- By Tierney Plumb
- June 22, 2016
New York City and San Francisco command ridiculous office rents stateside, but they pale in comparison to the astronomical prices found across the globe in Asia.
That skyscraper-concentrated continent houses four of the top five most expensive office markets in the world, according to CBRE’s latest semi-annual ranking of the world’s prime office occupancy costs.
Hong Kong’s central neighborhood is No. 1 at a whopping $290 per square foot/year, dethroning London’s West End to the No. 2 spot, at $262 per square foot.
Beijing’s Finance Street ($188/square foot), Beijing’s Central Business District ($182/square foot) and Hong Kong’s West Kowloon ($179/square foot) rounded out the top five.
Globally, prime office occupancy costs—which reflect rent, plus local taxes and service charges for the highest-quality, “prime” office properties— increased 2.4% in the year ending Q1 2016, the same rate of growth reported in CBRE’s December 2015 survey.
“We expect the global economy to keep growing, and the global service sector, the primary occupier of prime office properties, will continue to expand through periods of volatility,” said Richard Barkham, global chief economist of CBRE, in a statement. “Since inflation is low, the growth in prime office occupancy costs is significant for both users and investors.”
CBRE tracks occupancy costs for prime office space in 126 markets around the globe. Of the top 50 “most expensive” markets, 20 were in Asia Pacific, 20 were in EMEA and 10 were in the Americas. Here’s a breakdown of these regions with sky-high price tags.
New York Midtown (No. 9) was the only Americas market in the top 10, with a prime office occupancy cost of $137 per square foot. Thank the limited supply pipeline for the Big Apple’s big cost.
Earlier this year, hedge fund giant Citadel agreed to pay a huge chunk of change for its future Park Avenue address, setting a new bar for midtown rents.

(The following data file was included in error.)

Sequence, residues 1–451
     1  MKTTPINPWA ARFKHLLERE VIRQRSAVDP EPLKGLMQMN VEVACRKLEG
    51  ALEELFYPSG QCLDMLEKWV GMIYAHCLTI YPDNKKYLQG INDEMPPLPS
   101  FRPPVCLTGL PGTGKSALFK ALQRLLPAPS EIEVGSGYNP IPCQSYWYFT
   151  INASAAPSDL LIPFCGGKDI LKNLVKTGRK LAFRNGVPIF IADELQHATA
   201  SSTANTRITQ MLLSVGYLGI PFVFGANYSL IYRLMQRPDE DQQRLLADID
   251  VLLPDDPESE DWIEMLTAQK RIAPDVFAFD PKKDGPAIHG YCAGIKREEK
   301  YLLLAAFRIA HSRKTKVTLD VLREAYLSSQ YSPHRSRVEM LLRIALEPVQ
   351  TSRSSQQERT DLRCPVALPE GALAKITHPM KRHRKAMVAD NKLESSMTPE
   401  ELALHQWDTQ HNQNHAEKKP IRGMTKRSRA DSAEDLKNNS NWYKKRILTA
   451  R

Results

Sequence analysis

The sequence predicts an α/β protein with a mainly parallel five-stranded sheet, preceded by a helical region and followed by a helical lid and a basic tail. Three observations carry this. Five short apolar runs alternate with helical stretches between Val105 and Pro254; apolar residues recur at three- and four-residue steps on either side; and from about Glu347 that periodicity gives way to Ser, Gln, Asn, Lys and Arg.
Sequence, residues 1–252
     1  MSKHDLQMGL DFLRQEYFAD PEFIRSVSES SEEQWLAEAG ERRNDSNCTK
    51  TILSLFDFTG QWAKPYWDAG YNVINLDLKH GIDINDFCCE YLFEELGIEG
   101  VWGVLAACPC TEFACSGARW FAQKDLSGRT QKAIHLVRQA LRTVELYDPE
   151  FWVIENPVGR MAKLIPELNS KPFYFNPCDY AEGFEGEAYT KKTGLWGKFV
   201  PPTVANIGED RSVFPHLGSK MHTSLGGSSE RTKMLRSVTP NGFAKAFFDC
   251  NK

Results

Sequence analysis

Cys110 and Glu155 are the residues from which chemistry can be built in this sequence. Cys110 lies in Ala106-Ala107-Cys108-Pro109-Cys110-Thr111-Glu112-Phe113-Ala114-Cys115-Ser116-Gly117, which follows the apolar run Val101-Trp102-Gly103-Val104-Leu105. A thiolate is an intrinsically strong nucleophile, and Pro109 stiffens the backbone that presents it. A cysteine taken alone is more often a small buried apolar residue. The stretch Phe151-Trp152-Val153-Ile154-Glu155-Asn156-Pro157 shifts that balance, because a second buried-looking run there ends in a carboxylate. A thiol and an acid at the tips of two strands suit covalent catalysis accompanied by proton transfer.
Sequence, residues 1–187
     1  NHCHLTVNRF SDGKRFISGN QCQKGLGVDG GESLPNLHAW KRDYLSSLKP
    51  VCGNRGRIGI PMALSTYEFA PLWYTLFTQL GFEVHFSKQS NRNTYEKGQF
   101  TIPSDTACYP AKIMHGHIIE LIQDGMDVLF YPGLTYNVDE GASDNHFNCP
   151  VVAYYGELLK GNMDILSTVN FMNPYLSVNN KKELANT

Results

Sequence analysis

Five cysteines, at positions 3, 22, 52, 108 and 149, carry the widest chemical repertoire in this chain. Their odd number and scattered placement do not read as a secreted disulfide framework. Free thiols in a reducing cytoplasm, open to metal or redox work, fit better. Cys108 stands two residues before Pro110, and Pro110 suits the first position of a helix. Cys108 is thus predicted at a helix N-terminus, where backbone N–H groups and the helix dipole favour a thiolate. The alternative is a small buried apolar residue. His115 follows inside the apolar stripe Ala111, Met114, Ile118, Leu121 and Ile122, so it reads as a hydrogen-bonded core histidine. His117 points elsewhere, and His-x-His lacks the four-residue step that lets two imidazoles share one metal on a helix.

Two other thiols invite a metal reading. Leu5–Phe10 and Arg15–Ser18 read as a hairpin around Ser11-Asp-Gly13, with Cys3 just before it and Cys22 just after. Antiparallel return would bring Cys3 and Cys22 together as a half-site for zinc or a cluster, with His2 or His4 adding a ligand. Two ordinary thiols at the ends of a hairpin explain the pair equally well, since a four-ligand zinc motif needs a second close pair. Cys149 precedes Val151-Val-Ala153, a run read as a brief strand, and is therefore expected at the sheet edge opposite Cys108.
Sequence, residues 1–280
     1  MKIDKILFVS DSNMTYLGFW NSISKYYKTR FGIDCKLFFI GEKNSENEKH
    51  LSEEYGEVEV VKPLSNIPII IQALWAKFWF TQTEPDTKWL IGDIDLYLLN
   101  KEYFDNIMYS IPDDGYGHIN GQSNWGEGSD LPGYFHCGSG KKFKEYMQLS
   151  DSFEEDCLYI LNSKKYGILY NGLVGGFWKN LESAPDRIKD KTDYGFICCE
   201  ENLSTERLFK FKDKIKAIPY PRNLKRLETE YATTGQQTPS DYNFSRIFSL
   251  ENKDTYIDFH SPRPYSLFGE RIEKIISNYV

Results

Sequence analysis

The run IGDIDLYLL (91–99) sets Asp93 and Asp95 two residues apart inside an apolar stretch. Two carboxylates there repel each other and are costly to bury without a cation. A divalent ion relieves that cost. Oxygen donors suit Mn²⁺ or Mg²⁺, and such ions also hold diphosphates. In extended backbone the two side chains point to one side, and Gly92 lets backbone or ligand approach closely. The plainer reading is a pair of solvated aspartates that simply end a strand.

San Francisco’s downtown and peninsula—where some of the country’s top tech companies eat up space and drive up rents—and downtown Boston were the only other markets in the Americas to grace the top 20.
Costs in the Americas rose 2.3% on an annual basis, with four markets—Monterrey, Atlanta (downtown), Seattle (downtown) and Atlanta (suburban)—logging double-digit percentage gains year-over-year.
However, some energy-centric markets saw material drops in occupancy costs, including Calgary (downtown and suburban), Houston (suburban) and Denver (suburban).
In the US, economic growth is expected to ramp up in the next several quarters following a turbulent opening quarter, notes CBRE. Overall, occupier activity sustained last year’s momentum, leading to an increase in occupancy costs in 17 out of 22 U.S. markets covered in this survey.
Asia Pacific was home to seven of the top 10 most expensive markets: Hong Kong (Central), Beijing (Finance Street), Beijing (CBD), Hong Kong (West Kowloon), Tokyo (Marunouchi/Otemachi), New Delhi (Connaught Place - CBD), and Shanghai (Pudong). ,
Hong Kong Central saw double-digit growth in occupancy costs (14.2%) in the year to Q1 2016, which is why it nabbed the top title from the English incumbent that grew only 1.4%. The two are the only worldwide markets to surpass the $200/square foot mark.
Hong Kong Central, which houses elaborate waterfront gems like the 88-story Two International Financial Center, can attribute its rent jump to two factors: a super low vacancy rate due to lack of new development and continued demand for high-quality space in prime locations by mainland Chinese companies.
The most expensive market in the global ranking from the Pacific Region was Sydney ($93 per square foot), at No. 22.
Across the Asia Pacific, the impact of the China slowdown was muted, with region-wide costs rising 2.7% year-over-year, and several Chinese tier-one markets and Hong Kong either holding firm or notching gains, notes the report.
Europe Middle East & Africa (EMEA)
Occupancy costs in EMEA increased 2.1% year-over-year, with Dublin, Stockholm and Barcelona being the fastest-growing markets in the region.
Europe is benefitting from a cyclical pick-up in consumer spending and business investment, as well as a very competitive currency and intense monetary stimulus, notes the report.
Dublin, for instance, experienced a 50% drop in rents during the downturn and showed the second-largest year-over-year prime occupancy cost increase among the 126 cities surveyed (up 16.6% year-over-year)—second only to Hong Kong West Kowloon (up 19.5% year-over-year).
Most Central and Eastern European markets were down year-over-year, including Moscow, which is still in the middle of a recession. Costs sped up fast in South Africa, with Johannesburg, Cape Town and Durban all seeing increases of at least 6.9% from year-ago levels.
Only 11 out of 56 EMEA markets recorded a year-over-year decline in prime office occupancy costs.